While overeating is considered a cause of the obesity epidemic as quantified by body mass index (BMI), the association of diet with a body shape index (ABSI) and hip index (HI), which are transformations of waist and hip circumference that are independent of BMI and which predict mortality risk, is poorly known. We used data from the Atherosclerosis Risk in Communities (ARIC) study of about 15,000 middle-aged adults to investigate associations between macronutrient intake (energy, carbohydrate, protein, and fat, the latter two divided into plant and animal sources, all based on self-reported food frequency) with anthropometric indices (BMI, ABSI, and HI). We also analyzed the association of diet and anthropometrics with death rate during approximately 30 years of follow-up. High intake of energy and animal fat and protein was generally associated with higher ABSI and lower HI at baseline, as well as greater mortality hazard. BMI was also positively linked with animal fat and protein intake. In contrast, higher intake of carbohydrates and plant fat and protein was associated with lower ABSI and BMI, higher HI, and lower mortality hazard. For example, after adjustment for potential confounders, each standard deviation of additional plant fat intake (as a fraction of total energy) was associated with a 5% decrease in mortality rate, while animal fat intake was associated with a 5% mortality increase per standard deviation. The directions of the associations between diet and anthropometrics are consistent with those found between anthropometrics and mortality without reference to diet.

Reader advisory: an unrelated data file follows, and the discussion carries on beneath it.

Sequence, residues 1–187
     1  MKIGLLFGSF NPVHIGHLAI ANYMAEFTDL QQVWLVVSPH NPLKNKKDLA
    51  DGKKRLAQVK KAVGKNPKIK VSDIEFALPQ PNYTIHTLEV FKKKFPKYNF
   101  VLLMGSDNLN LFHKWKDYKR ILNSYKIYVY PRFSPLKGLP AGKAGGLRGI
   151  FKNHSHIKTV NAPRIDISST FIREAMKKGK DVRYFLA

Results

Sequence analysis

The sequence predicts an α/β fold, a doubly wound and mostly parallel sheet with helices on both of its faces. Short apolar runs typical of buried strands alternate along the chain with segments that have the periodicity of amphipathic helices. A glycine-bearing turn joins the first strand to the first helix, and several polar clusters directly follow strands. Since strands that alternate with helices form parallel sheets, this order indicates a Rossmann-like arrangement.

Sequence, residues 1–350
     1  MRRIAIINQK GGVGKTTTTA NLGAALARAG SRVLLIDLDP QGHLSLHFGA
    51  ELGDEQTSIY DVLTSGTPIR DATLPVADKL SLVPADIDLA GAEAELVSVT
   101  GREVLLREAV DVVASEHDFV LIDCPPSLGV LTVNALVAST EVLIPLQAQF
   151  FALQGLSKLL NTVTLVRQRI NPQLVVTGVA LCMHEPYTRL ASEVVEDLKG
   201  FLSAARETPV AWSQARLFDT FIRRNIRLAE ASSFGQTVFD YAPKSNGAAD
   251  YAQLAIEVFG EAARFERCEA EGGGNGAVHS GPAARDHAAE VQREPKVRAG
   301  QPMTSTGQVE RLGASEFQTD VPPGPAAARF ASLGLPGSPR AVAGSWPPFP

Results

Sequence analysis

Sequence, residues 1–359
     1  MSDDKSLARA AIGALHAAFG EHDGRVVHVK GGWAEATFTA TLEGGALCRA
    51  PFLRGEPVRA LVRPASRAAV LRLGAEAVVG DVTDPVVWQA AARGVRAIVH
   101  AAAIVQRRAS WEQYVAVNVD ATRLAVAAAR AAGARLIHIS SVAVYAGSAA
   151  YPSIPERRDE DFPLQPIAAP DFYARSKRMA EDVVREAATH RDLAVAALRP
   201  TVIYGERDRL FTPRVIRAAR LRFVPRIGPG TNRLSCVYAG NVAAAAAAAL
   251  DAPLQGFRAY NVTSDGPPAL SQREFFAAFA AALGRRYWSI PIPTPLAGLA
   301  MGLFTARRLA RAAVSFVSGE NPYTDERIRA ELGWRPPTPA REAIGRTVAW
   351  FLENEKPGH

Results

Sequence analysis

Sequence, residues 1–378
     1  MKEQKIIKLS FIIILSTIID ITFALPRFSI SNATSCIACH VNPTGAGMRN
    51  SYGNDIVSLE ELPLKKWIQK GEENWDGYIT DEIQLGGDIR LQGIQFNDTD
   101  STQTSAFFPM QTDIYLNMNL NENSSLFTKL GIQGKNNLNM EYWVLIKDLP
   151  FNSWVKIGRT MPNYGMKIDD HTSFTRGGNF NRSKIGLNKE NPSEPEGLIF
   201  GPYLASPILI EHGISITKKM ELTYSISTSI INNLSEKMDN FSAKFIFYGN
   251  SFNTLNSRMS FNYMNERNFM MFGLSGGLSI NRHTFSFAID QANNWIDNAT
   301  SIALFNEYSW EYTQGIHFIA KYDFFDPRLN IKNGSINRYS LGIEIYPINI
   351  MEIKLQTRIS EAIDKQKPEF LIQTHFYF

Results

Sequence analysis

Keywords: ARIC; anthropometry; body shape; diet; obesity; risk assessment.